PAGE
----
Thank you for your kind words and support.
The project display has served to cover the WW-II theme of the current museum floor well. The tail section had quite of a life story from the crash to when the project was reset. I did not believe we could have rebuilt the waist gun area and forward without completely removing the upper PB4Y-2 Longeron on each side, since the fire warped the sections out of fuselage contour line. The fire and salvage operation damaged the formers around the teardrop turrets and in front. Everything above the main lower Longeron sections and in front of Station 7.3 was unusable for the first project team. Stringers of the fuselage bottom near Station 6.2 were crushed a foot in from the salvaged end of the tail fuselage. We could have rebuilt the roofline and waist gun areas, but it was agreed to join the sections was the best option to save either from the obvious.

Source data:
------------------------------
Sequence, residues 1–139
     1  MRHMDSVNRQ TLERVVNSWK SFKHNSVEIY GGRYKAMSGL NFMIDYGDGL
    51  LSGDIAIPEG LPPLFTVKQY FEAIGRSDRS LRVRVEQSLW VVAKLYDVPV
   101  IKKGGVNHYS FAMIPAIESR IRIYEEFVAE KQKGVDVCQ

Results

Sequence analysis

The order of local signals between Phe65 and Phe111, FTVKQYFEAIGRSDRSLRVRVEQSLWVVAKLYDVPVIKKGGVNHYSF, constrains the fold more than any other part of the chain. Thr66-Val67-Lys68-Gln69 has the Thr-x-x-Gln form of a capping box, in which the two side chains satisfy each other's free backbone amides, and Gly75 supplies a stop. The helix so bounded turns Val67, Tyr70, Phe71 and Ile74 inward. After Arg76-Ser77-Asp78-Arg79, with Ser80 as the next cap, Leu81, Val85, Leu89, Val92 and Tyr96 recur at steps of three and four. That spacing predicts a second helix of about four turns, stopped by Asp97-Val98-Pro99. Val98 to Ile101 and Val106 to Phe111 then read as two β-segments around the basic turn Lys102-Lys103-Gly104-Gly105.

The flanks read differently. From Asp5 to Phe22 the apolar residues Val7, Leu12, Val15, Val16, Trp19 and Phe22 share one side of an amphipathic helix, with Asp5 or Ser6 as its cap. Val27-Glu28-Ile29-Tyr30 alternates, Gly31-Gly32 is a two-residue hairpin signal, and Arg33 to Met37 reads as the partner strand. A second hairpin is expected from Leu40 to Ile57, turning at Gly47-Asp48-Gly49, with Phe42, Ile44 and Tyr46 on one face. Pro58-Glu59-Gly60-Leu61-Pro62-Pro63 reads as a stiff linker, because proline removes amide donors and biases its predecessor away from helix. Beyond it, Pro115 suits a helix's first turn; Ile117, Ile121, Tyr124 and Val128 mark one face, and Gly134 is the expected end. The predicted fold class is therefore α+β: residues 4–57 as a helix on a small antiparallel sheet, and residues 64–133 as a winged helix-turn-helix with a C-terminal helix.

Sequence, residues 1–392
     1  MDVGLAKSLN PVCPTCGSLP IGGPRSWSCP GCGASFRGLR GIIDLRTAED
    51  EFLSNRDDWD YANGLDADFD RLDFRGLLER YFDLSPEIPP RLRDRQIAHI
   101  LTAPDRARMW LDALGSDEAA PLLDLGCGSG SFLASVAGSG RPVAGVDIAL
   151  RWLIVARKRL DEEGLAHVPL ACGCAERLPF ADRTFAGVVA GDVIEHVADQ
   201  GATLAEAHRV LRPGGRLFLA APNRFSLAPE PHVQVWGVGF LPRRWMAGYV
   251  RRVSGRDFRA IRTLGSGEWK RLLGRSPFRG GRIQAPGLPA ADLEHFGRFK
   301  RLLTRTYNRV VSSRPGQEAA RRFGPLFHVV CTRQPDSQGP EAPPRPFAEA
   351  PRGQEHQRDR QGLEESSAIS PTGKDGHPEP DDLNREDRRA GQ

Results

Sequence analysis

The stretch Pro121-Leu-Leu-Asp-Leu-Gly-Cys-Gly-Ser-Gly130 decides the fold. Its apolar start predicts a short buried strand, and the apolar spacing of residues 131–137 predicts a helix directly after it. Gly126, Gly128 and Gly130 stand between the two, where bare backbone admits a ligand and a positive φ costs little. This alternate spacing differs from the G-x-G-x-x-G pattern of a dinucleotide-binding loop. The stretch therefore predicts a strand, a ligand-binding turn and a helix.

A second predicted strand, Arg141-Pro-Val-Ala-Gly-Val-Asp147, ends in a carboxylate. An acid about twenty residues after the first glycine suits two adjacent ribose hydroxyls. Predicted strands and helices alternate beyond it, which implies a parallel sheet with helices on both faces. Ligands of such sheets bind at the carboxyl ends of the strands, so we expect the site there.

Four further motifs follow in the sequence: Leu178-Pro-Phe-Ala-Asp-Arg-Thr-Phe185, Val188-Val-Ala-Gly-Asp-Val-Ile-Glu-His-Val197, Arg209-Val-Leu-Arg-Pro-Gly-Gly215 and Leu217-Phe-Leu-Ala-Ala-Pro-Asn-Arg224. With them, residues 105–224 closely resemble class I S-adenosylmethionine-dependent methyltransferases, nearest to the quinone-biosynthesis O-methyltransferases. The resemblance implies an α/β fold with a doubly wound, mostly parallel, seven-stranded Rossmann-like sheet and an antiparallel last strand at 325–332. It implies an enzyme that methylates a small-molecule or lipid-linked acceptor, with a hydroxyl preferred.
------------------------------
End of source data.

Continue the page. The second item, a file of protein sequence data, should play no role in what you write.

The team is currently only able to work one day per week, but we are very excited to work when we can. Just last week, the crews have completed the vertical stringer splices for the bomb bay side panels. Before we can skin the sides, we must complete the installation of the track sections on the Station 6.0 bulkhead. After the track is positioned, the web reinforcements can then be cut and installed.
Moving forward, the bomb bay skinning could start before the end of the year. At the Longeron area, the bay doors close flush with a set of fairings mounted to the Longeron’s on each side. The fairings terminate the lower structure of the side panels, and were completed in November. I would like to try and investigate the microfilm drawings for the attaching brackets with the Inventor CAD model in progress. Once the fairings are installed, the project will have finished the currently planned major structural repair work.
The next update will cover design and fabrication of B-24 specific metal items. I wanted to share lessons learned and thoughts of aircraft stampings, as I had very little working knowledge to start.